"There was this explosion a number of years back and now it's contracting and we might lose ours eventually," Peteros said. Free Farm, Esperanza Garden, the Coming Home Garden and the Hayes Valley Farm were among the recent closures.

The Recreation and Park Department launched in 2014 the Urban Agriculture Program, which places the department in charge of urban agriculture on all public land, and hired Hannah Shulman, formerly a garden educator, to coordinate the effort among city departments and nonprofits.

There are 38 community gardens on Rec and Park land. An average community garden in our system is about a quarter of an acre in size, has 33 garden plots, and serves 53 gardeners. In early 2014, there were 750 people on the wait list hoping to have a chance to garden.

"The fact that there is a healthy wait list shows there is a great need," Rec and Park General Manager Phil Ginsburg said. "Identifying more spots to engage in community gardening is our goal."

Ginsburg dismissed the impact of recent closures.

"It's totally strengthening," he said of urban agriculture in The City.

Jay Rosenberg, who was once co-director of the Hayes Valley Farm, shares Ginsburg's view.

"I'd say it's really growing. There have been noteworthy closures, but at the same time, new ones have popped up."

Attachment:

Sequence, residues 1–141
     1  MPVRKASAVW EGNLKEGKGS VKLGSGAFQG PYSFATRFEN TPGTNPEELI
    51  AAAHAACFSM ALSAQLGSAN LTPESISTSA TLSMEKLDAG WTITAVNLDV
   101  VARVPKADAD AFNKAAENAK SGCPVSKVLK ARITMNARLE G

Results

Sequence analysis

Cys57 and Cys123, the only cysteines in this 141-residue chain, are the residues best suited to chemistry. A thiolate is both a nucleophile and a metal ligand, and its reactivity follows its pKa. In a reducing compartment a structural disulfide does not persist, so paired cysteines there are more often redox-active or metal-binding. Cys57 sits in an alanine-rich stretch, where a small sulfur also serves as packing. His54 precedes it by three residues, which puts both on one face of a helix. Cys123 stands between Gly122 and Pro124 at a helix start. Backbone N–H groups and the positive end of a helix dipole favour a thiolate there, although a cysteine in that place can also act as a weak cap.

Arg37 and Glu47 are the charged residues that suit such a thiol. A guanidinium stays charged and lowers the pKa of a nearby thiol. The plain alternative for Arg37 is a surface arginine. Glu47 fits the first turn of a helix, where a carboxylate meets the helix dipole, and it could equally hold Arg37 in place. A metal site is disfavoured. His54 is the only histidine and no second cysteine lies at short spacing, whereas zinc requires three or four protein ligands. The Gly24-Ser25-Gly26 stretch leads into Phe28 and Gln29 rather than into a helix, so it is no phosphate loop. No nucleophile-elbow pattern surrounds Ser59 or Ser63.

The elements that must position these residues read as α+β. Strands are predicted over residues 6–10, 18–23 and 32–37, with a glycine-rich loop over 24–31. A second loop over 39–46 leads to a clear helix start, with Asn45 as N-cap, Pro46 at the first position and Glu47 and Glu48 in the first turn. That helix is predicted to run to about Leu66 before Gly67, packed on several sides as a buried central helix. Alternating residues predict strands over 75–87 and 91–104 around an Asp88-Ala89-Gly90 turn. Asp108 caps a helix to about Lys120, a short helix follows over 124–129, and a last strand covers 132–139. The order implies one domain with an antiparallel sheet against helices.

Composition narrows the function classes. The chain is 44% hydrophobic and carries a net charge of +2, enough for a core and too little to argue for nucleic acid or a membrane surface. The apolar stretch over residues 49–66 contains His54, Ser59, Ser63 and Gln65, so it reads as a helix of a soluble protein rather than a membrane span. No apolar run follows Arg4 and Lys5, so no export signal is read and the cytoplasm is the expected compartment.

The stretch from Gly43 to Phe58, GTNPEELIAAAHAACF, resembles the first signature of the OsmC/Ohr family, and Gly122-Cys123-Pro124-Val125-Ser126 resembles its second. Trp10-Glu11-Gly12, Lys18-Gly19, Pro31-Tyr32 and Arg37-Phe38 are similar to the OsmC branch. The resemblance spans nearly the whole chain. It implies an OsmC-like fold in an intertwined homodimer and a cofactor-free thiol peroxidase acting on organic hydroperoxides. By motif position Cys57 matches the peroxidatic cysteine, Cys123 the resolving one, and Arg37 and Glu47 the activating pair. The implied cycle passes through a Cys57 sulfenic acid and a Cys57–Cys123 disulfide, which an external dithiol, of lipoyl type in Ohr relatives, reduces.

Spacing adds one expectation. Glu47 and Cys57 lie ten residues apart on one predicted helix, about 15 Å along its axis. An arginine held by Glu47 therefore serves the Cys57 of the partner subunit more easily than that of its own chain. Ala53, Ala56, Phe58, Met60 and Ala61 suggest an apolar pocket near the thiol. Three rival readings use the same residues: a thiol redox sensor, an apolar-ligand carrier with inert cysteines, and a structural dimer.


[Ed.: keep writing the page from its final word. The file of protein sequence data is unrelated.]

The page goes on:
Rosenberg is founder of 49 Farms, a group advocating for "one in every square mile" of San Francisco.

Eli Zigas focuses on urban agriculture for SPUR, a major supporter of the tax incentive.

"There's not a rush of applications to go for this. That matches our expectation," Zigas said.

He said of urban agriculture overall that "it is hard to gauge if the momentum has crested, if it's going down. There's still strong interest. Policywise San Francisco now is in a real good spot."

Bayuk said he is involved in an effort to compile an inventory of feasible new urban agriculture sites. As for recommendations, he said, The City should plant more fruit trees, like almond trees, in its park spaces, open up more public land to agriculture and hire stewards of the agricultural sites for steady oversight.

Those aren't new ideas, but with the added focus, they may start coming to fruition. It is the SPUR 2012 report that encouraged The City to respond to the energy and interests of its citizenry in urban agriculture, noting the wide benefits like "vibrant greenspaces and recreation, education about fresh food and the effort it takes to produce it, cost savings and ecological benefits for the city, sites that help build community, and a potential source of modest economic development.

"But the city will not fully capture these benefits unless it responds to the growing interest and energy behind the issue," the report said.